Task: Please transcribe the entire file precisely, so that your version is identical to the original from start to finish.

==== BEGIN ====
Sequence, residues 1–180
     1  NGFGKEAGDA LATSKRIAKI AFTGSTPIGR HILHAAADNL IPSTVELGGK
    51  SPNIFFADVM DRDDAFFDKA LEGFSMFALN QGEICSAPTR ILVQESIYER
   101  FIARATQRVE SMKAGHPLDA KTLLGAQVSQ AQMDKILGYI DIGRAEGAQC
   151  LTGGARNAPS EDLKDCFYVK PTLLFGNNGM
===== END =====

Sequence, residues 1–180
     1  NGFGKEAGDA LATSKRIAKI AFTGSTPIGR HILHAAADNL IPSTVELGGK
    51  SPNIFFADVM DRDDAFFDKA LEGFSMFALN QGEICSAPTR ILVQESIYER
   101  FIARATQRVE SMKAGHPLDA KTLLGAQVSQ AQMDKILGYI DIGRAEGAQC
   151  LTGGARNAPS EDLKDCFYVK PTLLFGNNGM